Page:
DENVER -- If you had a sick child, how far would you go to save them? "When we discussed it at our table, it wasn't for the world to debate," said Lisa Nash. "I think that was the controversy, is, 'What have we created?" John Nash added.What would you risk to give your child a chance at life? "It was my baby and you know what, I was going to take care of her no matter what she had," Lisa said. "I could be killing my daughter. I signed the paper to say, 'Go do it.
PUEBLO, Colo. – A Littleton mom is fuming, saying she blew the whistle on El Pueblo Boys and Girls Ranch in Southern Colorado years ago, but nothing was done.“I wanted to protect those kids. I didn’t want this to happen to anybody ever again,” Lisa Mitchell said.“They pretty much [expletive] up my life,” said her son, Samuel Mitchell.The Mitchells say their nightmare started in 2009.
DENVER — Often, the real worries in life, we rarely see coming. "She said, 'unfortunately, the biopsy we found it's cancerous. You have breast cancer,'" said Mary Woodka. "I just remember going back in the conference room I was in, grabbing the trash can thinking I was going to vomit. "For Mary Woodka, that moment came on August 7, when she was diagnosed with stage three breast cancer. The 39-year-old was shocked; she has no family history of the disease and lives a relatively healthy lifestyle.
Muck Rack makes it simple to find people, tweets, or articles that mention any name, keyword, company, hashtag etc. We've compiled this guide to help you make the most of your search.
Selecting a term
Start searching tweets, articles from media outlets, articles mentioned in tweets, journalists'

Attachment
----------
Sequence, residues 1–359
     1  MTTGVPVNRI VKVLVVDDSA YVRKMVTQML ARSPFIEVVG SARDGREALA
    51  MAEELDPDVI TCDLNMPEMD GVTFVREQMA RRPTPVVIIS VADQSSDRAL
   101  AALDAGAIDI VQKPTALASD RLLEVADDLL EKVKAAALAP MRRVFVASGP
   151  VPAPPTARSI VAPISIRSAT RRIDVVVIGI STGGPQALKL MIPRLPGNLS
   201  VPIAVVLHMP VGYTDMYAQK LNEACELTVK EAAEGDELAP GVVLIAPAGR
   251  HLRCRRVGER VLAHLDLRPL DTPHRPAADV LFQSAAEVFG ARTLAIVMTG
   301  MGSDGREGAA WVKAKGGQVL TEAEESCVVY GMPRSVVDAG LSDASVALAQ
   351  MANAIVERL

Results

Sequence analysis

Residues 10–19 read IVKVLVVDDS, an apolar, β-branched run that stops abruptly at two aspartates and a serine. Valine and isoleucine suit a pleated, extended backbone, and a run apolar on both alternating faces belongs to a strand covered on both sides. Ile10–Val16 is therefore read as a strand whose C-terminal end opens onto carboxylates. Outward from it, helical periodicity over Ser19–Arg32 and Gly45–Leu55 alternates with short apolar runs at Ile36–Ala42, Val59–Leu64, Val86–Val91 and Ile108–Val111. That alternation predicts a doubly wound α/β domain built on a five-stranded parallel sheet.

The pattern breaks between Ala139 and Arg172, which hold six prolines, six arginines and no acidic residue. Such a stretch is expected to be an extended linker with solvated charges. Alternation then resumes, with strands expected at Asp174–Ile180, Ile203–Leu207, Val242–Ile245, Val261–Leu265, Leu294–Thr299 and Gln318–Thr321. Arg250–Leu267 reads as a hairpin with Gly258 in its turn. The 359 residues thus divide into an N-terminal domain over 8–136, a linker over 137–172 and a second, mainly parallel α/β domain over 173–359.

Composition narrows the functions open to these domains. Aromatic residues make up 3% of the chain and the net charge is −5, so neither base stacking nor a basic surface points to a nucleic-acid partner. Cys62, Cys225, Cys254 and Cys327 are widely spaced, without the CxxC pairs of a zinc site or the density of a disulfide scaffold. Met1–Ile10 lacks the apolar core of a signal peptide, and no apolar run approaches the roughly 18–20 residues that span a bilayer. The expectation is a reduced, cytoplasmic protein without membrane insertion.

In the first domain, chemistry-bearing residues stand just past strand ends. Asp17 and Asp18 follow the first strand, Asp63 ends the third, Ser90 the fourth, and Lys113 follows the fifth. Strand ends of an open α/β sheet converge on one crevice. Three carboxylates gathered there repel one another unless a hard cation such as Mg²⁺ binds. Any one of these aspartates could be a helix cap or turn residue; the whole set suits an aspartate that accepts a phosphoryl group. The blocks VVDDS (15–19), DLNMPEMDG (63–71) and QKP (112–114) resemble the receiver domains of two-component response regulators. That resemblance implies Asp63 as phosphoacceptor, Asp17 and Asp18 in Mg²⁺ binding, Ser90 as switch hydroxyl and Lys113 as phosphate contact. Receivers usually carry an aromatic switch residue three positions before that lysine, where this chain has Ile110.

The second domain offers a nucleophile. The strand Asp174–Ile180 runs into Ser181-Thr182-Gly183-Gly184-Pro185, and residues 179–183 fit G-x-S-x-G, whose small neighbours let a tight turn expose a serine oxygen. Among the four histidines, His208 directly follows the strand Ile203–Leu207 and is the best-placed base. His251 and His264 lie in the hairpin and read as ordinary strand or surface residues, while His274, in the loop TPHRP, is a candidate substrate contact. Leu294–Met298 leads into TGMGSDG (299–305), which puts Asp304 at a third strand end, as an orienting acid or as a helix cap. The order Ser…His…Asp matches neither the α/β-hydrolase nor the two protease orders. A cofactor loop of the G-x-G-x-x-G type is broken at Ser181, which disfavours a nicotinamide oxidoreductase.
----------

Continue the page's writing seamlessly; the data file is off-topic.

names, titles and bios with some suggested searches:
Companies or Topics (e.g. iPhone, Microsoft)
Phrases (e.g. "cloud computing") — use quotes to keep the terms together
Twitter handles (e.g. @username) — returns those who have mentioned or replied to
Names (e.g. "David Pogue")
Hashtags (e.g. #sxsw, #london2012)
Bio details (e.g. vegan, Olympics, father)
Muck Rack's Advanced Search allows for many boolean operators.
Find results that mention multiple specified terms, use AND or
+. For example, ensure each result contains both Elon Musk and Mark Zuckerberg by
searching Musk AND Zuckerberg or Musk + Zuckerberg.
Use the operators OR or , to broaden your search when you'd like either of
multiple terms to appear in results. (This is the default behavior of our search when no operators
are used). For example, results will contain either cake or cookie by searching cake OR cookie or cake,cookie
Use NOT or - to subtract results from your search. For
example, searching Disney will yield results about the Walt Disney Company as well as Walt Disney
World Resort. To exclude mentions of Disney World, search for Disney -World or Disney
When using one of these operators with a phrase, enclose it in quotation marks. For example, you can
find results about smartphones excluding Apple's iPhone 4S by searching smartphone -"iPhone
Exact case matching or punctuation
If you're searching for a brand name or keyword that relies on specific punctuation marks or capitalization, you can
find results that match your exact query by adding matchcase: before the keyword you're searching for, like matchcase:E*TRADE .
Use parentheses to separate multiple
boolean phrases. For example, to find journalists talking about having fun in Disney World or
Disneyland, search for ("disney world" OR disneyland) AND fun.
An asterisk can be used to search for any variation of a root word truncated by the asterisk. For example, searching for admin* will return results for administrator, administration, administer, administered, etc.
A near operator is an AND operator where you can control the distance between the words. You can vary the distance the near operation uses by adding a forward slash and number (between 0-99) such as strawberries NEAR/10 "whipped cream", which means the strawberries must exist within 10 words of "whipped cream".